September 18, 2018
What Courage Is—And Is Not
Courage is slippery—a moving target.
It feels like opening your eyes and letting the world come into focus. It sounds like truth. Courage it moves like something soft yet sinewy, one paw in front of the other, each step purposeful if unsure.
It is the deep breath that moves your shoulders away from your ears. It is the stillness that gives way to a sense of clarity that allows us to make that next small move.
Courage is like learning a language—gaining new vocabulary for what we’ve long felt and haven’t been able to articulate. Summoning our courage doesn’t need to look like writing a whole novel. It’s just turning that new word over on our tongues, feeling how it vibrates when we speak it out loud.
Courage isn’t tackling the whole thing at once. Sometimes it’s clearing out one stack of clutter so give yourself the spaciousness you’ve been craving.
It’s not about changing your whole life. It’s making a dentist appointment or eating some vegetables or taking that bag of clothes that hurt your feelings to Goodwill.
Sometimes it’s doing the thing you know that you’ve been avoiding. You already know what you need to do, and yes, it might not feel like pleasure. It might not be a joy to do it. Courage is knowing that you’ll be glad once you’ve gotten it done. it’s taking action so that you can wash your hands of that thing.
Courage is getting rid of that cloud that’s been hanging over your head, even if it’s just for today.
And sometimes courage is not doing something. Because if your tendency is to try to be all things to all people, to say yes to it all, and to shoehorn just-one-more-commitment into that glorious life of yours… courage might be not doing just one of those things. Courage might just look like sitting on your hands in the discomfort of not-doing and being with that sensation. (Not that I know anything about that!)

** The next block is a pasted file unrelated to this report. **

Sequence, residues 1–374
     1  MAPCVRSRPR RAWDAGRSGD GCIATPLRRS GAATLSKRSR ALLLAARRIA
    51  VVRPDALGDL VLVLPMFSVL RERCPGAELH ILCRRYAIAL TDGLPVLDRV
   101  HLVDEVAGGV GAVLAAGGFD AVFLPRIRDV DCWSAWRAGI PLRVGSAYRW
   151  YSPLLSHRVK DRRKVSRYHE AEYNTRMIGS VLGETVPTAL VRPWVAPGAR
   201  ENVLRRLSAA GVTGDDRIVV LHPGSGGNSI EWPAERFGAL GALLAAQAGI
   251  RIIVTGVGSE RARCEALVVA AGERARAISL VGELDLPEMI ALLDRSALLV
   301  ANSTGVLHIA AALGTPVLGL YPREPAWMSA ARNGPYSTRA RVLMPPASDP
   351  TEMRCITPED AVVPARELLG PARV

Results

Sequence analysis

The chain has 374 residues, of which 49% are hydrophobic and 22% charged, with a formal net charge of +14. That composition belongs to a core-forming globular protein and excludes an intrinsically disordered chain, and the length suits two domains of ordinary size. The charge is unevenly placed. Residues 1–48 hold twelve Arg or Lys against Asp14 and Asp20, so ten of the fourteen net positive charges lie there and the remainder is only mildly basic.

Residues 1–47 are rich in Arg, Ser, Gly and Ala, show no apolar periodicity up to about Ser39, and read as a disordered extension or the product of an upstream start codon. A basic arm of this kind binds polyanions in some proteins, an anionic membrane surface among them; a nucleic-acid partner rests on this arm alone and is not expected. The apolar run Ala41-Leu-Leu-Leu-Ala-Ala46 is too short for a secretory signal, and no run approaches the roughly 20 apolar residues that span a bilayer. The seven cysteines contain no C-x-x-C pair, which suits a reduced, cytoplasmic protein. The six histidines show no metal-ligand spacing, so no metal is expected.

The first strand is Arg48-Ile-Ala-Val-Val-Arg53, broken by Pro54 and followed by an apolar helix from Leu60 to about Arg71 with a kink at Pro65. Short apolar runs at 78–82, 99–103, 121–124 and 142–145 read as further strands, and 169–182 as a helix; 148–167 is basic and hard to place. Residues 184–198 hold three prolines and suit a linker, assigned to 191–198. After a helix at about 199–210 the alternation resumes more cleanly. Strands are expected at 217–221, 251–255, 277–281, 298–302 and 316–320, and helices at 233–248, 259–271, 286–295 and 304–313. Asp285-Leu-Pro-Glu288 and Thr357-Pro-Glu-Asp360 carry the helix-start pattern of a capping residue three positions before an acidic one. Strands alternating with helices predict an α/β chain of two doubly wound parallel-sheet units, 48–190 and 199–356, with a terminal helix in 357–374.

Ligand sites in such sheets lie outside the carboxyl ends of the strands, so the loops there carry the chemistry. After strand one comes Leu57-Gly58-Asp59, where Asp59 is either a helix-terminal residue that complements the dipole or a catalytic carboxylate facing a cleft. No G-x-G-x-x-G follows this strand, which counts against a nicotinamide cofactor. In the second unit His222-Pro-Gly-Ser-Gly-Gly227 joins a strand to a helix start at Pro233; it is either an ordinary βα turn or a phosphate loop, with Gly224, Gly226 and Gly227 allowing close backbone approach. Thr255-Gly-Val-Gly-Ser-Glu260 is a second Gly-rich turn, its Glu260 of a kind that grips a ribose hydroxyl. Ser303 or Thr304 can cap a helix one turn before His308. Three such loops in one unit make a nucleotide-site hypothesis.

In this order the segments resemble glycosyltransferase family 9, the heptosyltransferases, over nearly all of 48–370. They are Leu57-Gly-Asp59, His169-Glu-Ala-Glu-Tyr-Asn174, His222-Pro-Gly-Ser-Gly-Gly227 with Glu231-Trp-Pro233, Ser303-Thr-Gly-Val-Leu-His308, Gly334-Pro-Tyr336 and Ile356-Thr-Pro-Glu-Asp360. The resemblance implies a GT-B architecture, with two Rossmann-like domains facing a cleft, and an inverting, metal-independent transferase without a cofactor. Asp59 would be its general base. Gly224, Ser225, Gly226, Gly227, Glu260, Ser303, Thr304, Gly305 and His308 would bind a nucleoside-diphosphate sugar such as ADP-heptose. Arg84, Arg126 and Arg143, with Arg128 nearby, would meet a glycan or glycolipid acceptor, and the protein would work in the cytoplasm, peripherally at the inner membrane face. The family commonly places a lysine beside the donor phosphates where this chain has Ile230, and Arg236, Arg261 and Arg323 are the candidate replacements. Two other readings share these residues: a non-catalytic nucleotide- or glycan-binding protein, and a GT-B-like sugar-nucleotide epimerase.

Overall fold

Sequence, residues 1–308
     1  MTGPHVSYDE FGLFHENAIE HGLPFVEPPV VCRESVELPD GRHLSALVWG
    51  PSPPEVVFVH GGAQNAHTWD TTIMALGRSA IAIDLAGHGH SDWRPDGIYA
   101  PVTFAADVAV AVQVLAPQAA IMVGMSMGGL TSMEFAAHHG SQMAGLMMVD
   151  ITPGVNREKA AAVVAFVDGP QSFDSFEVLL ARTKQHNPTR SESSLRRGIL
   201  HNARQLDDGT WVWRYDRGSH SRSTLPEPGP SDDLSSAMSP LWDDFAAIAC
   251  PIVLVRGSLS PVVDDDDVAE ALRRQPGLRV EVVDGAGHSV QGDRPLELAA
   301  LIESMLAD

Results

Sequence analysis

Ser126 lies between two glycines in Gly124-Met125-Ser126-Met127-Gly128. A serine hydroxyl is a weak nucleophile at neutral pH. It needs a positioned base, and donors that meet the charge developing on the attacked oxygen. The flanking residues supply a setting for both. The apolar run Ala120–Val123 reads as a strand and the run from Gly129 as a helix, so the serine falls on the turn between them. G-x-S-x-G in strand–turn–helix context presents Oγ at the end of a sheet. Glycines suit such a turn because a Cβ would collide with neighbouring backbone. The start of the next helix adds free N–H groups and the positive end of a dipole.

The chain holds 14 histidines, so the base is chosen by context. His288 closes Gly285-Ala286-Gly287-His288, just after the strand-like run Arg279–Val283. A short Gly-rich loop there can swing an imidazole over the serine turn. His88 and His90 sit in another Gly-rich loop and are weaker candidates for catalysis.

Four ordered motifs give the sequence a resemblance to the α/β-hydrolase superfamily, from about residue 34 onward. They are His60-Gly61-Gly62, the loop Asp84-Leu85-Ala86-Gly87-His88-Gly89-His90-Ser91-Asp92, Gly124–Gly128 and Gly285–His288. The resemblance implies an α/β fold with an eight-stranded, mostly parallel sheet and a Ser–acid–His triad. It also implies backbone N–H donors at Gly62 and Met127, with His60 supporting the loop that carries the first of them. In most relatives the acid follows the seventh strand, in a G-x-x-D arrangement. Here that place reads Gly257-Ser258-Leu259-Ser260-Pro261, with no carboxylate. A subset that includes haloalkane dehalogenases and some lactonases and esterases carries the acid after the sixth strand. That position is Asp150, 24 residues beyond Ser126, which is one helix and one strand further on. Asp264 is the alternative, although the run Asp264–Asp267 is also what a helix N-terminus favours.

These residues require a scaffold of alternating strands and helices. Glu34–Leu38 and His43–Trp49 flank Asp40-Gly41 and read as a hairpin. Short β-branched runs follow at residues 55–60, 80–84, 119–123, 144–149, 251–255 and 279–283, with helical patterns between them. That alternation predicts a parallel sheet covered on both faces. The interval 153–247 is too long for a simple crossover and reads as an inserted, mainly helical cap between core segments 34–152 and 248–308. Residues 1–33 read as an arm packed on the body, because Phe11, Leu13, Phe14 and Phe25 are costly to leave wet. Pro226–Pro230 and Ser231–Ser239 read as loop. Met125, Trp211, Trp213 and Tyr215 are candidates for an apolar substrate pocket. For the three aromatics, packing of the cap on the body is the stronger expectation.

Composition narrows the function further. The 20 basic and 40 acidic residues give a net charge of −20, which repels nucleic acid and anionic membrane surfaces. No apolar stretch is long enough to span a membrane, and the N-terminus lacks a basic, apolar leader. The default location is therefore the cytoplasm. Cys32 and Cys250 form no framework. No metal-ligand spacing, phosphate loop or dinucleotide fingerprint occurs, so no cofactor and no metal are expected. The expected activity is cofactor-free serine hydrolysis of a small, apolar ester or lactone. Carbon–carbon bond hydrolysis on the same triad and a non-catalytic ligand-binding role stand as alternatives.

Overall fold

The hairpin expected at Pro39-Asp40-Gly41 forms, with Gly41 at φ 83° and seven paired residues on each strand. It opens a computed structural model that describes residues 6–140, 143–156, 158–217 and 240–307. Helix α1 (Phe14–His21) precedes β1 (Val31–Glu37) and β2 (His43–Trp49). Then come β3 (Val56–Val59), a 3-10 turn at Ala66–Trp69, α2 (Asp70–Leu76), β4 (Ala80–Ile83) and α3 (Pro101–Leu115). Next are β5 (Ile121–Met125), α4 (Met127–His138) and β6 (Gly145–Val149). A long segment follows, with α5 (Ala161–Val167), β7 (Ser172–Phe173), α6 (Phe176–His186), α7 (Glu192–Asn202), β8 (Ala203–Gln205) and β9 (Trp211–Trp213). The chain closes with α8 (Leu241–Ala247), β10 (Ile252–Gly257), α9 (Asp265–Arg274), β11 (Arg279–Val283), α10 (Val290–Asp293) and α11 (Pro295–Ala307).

It’s changing a pattern that isn’t serving us…
…the way placing a rock in a stream changes its course ever-so-slightly.
Courage is not simply saying that things are going to be different this time. Courage is the act of enforcing those boundaries you know you need. It’s speaking up and offering up your truth, no matter how insignificant it might seem. Courage is treating your truth like the sacred gem it is, not burying it away.
When I talk about self-advocacy, this is what I’m talking about.
These acts of courage on your own behalf add up. They create the felt experience of knowing yourself and taking action on your own behalf. Even if it’s small, the experience of flexing your courage can be eye-opening. Our courage stretches what we know in our cells as possible.
It isn’t glamorous. It doesn’t feel heroic. It might not even feel like it’s big enough to make a difference. But these small tastes of courage will bring you closer to your heart, and with practice, can transform your life. Really.